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List of Quarries in Georgia & Quarry Links,
Photographs and Articles

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  • Palmetto, Georgia – Porphyritic Granite (Granite), from A Preliminary Report on a Part of the Granites and Gneisses of Georgia, Bulletin No. 9-A, by Thomas L. Watson, Ph.D., Assistant Geologist, Geological Survey of Georgia, 1902, pp. 72.
    Plate VII. Fig 1. Porphyritic Granite, near Palmetto, Georgia. Fractured surface of a partially worked-up boulder, showing the texture of the Rock (circa 1902) Porphyritic Granite, near Palmetto, Georgia. Fractured surface of a partially worked-up boulder, showing the texture of the Rock (circa 1902)
    Plate VII. Fig. 2. Porphyritic Granite, near Palmetto, Georgia. Eroded Surface of the Residual Clay, from the Porphyritic Granite. Porphyritic Granite, near Palmetto, Georgia. Eroded Surface of the Residual Clay, from the Porphyritic Granite (circa 1902)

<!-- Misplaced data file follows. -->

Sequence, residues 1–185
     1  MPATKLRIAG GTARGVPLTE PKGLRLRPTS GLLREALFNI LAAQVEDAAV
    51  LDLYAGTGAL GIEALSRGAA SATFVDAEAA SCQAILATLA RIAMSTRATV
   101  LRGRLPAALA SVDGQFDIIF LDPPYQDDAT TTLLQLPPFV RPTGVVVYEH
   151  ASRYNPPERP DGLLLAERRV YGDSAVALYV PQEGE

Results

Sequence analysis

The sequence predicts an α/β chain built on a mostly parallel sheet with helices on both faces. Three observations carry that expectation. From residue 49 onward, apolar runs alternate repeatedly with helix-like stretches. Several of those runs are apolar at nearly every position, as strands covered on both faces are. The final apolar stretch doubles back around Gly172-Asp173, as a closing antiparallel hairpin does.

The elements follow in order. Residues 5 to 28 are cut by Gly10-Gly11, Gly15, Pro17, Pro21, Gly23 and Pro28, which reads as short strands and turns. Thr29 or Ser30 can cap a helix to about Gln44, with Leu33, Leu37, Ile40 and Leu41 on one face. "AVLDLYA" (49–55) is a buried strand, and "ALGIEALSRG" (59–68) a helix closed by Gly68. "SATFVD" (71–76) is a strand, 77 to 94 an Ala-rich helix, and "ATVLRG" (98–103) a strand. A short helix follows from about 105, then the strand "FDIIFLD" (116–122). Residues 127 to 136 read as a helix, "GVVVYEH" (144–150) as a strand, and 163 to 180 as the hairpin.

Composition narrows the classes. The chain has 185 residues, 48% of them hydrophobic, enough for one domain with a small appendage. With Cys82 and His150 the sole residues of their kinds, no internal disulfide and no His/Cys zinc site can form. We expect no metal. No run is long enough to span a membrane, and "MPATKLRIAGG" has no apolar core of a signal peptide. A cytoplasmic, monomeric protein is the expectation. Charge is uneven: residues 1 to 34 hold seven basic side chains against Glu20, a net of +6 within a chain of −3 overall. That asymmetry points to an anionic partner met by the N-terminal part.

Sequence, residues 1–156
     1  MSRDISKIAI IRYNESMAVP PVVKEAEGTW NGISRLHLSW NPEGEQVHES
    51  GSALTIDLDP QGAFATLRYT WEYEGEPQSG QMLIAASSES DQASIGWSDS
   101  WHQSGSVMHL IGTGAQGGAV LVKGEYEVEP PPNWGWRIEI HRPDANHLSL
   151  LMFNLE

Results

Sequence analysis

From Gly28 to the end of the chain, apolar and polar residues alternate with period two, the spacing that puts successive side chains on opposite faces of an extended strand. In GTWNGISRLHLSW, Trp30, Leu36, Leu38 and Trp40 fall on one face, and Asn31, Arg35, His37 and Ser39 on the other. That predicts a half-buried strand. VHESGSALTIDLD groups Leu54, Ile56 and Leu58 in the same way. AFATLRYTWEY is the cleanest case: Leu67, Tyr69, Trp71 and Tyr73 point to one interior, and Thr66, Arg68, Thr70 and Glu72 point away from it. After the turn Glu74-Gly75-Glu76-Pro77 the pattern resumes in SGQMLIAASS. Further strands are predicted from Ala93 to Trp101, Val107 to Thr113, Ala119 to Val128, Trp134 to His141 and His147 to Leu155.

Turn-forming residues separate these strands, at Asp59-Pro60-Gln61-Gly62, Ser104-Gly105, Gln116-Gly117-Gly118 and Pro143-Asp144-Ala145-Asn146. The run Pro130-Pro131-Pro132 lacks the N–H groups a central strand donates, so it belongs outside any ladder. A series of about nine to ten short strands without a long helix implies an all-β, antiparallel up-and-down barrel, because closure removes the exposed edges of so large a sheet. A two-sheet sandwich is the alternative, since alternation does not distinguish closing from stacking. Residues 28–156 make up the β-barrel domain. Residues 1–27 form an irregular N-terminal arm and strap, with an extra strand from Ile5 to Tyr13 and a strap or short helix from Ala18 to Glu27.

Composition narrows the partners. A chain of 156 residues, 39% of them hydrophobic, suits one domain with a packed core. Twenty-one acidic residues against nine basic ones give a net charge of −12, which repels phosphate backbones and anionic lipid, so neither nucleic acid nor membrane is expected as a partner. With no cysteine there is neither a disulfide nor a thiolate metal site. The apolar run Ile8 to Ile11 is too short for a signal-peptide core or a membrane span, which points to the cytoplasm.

• Panola, DeKalb County, Georgia – the Bowers Quarry (Panola Granite)  (Excerpt from Geology of The Stone Mountain-Lithonia District, Georgia, by Leo Anthony Herrmann, Georgia State Division of Conservation, Department of Mines, Mining and Geology, Atlanta: 1954, pp. 96.  Used with permission.  You can read the entire entry for this quarry in the document/chapter on “The Stone Industry (of Georgia).)”

    Bowers Quarry – A small quarry located on the east side of Georgia Route 155 and south of Yellow River at Panola is owned by Mr. Lincoln Bowers.

  • “The stone is a coarse-grained, porphyritic biotite granite with microcline and biotite phenocrysts up to one-eighth of an inch in diameter.  A small amount of magnetite is scattered throughout the rock.  the stone is poor quality for quarrying because of the many fractures filled with epidote and chlorite.”

  • Perry (south of), Houston County, Georgia – old Limestone Quarry (Limestone) (from A Report on the Limestones and Marls of the Coastal Plain of Georgia, Bulletin 21, 1910, by J. E. Brantly, Assistant State Geologist, Geological Survey of Georgia, Atlanta, GA: The Blosser Co., 1916, pp. 64)